There’s only so long you can ride the wave of excitement, a rolling swell of new people and new experiences and new places that rise with you for a brief glorious moment and then fall behind in your wake. Eventually the momentum runs out and the wave breaks and sends you crashing down on some foreign shore, flat on your back and too tired to move another inch.
When everything is fleeting, there’s nothing to anchor yourself to. Most people are single-serving friends. Your Facebook feed fills up with companions from all over the world, and you part ways with the best of intentions – good luck, see you some day, stay in touch – but you know you’ll never see them again.
Even the people you forge a stronger connection with are inevitably going to leave you just as you’re getting attached to them. Sometimes you can keep the wheel spinning for days, or weeks, a month – but it only makes it all the more gut-wrenching to say goodbye, and start the process of rebuilding anew: Where are you from? Where have you been? Where are you going?
The fourth stage of being a solo traveler is community.
I returned to Chiang Mai, the city where I first felt my fortunes changing. This time I settled in for a few months. I got a local driver’s licence and a bank account. I became a regular at my favourite restaurants. I fed familiar coins into the same laundry machine.
With an apartment of my own, I hosted some couchsurfers, and hit it off with a pair of visiting Americans. They had similar interests to me, but they’d gone deep down rabbit-holes I was only just discovering. Sanjena invited me to come on a retreat she and her boyfriend were organising near Mumbai. I was intrigued, so I bought a flight.
The group was styled after Ben Franklin’s Junto, a society for mutual improvement and discussion which met every fortnight. One of the talks was on ‘community’, something I’d never really thought about before. All the practices in which humans have historically found a sense of purpose – belief in God, patriotism and nationhood, traditional family structures – are dead or dying. The waning of the commons has coincided with the rise of rampant individualism, further encouraging a life committed to nothing larger than itself.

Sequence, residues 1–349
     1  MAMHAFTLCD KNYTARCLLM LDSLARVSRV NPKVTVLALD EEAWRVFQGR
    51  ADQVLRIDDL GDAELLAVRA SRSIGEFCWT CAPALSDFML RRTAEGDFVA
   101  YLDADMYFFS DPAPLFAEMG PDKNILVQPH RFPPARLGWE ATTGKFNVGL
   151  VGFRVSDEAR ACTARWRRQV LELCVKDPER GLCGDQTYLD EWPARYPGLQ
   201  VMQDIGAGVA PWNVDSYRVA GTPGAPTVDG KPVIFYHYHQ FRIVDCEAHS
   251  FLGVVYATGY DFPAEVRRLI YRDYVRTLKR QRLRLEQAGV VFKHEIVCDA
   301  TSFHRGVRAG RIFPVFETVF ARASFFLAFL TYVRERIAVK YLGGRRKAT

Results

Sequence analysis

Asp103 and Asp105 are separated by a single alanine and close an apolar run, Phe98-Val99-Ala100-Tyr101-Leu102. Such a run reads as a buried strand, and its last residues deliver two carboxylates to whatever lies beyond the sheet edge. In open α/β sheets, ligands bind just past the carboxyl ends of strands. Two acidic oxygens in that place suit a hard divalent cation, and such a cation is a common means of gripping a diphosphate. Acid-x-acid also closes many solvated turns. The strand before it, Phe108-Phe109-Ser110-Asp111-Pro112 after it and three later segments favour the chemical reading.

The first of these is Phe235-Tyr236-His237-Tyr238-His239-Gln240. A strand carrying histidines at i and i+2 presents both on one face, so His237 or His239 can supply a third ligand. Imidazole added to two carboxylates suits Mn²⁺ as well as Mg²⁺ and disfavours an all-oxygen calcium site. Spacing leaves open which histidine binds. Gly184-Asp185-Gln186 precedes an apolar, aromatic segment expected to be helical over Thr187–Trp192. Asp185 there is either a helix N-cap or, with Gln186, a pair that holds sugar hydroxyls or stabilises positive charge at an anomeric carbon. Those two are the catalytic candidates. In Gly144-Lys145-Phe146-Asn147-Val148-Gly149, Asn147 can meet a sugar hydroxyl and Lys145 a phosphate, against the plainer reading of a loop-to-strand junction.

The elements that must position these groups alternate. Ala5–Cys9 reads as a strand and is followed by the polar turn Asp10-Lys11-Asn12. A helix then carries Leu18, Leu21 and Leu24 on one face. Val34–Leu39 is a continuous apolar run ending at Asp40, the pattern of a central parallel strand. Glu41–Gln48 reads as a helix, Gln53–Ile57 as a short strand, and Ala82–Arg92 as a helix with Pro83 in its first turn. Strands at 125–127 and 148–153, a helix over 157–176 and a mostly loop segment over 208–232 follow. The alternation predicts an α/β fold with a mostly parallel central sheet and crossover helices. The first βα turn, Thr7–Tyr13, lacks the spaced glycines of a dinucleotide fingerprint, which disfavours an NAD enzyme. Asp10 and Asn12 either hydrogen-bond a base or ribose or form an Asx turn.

Cogs turned and fell into place. Finally I knew what people meant when they talked about ‘finding your tribe’. I had a name to put to the thing I was missing – the feeling of being alone in the middle of a crowd; the itching sensation of having had and lost some phantom limb.
The shared connection between solo travelers provides enough of a kinship to scratch the itch. If you’re on a backpacking trip over summer, no worries. But if you plan on living the nomadic life indefinitely, prepare to run into a wall of yearning. There’s a beautiful randomness to being thrown together with complete strangers, but you can’t build a community out of a shared enthusiasm for elephant pants and full-moon parties. Without stability, routine, and some sort of central ethos or common goal, the common thread unravels quickly.
I don’t know if I have any good tips for finding your tribe yet, but I guess it’s mostly just a numbers game. The more I introduce optionality into my life, the more good things seem to happen. Couchsurfing, Tinder, meet-ups, and joining a co-working space are all useful tools, with built-in filters to help nudge you towards like-minded people. It’s hit-and-miss, but almost never a total waste of time, and every now and then, you strike gold.
And so, after living my fantasy of constantly being on the road, I’ve come full circle. These days, I travel as slowly as I possibly can. I often go on trips with close friends, although I’m never tied to anyone else’s schedule. I max out my visas in each country, spend days or weeks idling in quiet towns, and solid months at a time back ‘home’ in Chiang Mai.
This is a work in progress. I’m 20 months into my journey and I’m still figuring it out, but things are moving in the right direction. I have a community in New Zealand that I’m looking forward to visiting soon. I’ve built a community in Thailand. I’m returning to Mumbai soon, and hope to build something there too. It’s been quite a while since I felt that phantom itch.
There is a Māori proverb that asks: He aha te mea nui o te ao? What is the most important thing in the world?
He tāngata, he tāngata, he tāngata – It is people, it is people, it is people.